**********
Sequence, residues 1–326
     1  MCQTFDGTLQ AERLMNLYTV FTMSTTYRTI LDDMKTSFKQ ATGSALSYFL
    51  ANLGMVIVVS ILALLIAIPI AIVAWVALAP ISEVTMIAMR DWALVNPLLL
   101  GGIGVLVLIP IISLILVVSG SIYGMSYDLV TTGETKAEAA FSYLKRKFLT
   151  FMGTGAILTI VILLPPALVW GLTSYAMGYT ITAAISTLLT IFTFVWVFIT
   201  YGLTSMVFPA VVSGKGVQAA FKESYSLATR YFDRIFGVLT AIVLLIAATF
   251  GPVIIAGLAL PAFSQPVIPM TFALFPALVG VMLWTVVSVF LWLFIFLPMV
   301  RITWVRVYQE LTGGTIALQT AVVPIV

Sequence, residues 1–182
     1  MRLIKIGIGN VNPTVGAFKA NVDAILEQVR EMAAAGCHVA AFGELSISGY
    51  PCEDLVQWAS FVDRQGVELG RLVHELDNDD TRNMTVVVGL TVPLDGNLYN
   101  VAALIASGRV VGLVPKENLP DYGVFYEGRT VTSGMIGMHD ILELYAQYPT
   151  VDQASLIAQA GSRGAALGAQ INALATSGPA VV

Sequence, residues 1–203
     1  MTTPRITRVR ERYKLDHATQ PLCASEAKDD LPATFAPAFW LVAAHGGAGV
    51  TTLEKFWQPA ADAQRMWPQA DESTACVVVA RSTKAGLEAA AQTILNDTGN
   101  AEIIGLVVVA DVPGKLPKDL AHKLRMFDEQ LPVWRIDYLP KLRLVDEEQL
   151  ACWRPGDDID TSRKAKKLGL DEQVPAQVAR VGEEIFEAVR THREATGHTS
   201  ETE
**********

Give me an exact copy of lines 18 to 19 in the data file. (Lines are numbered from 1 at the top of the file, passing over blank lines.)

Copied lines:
   151  ACWRPGDDID TSRKAKKLGL DEQVPAQVAR VGEEIFEAVR THREATGHTS
   201  ETE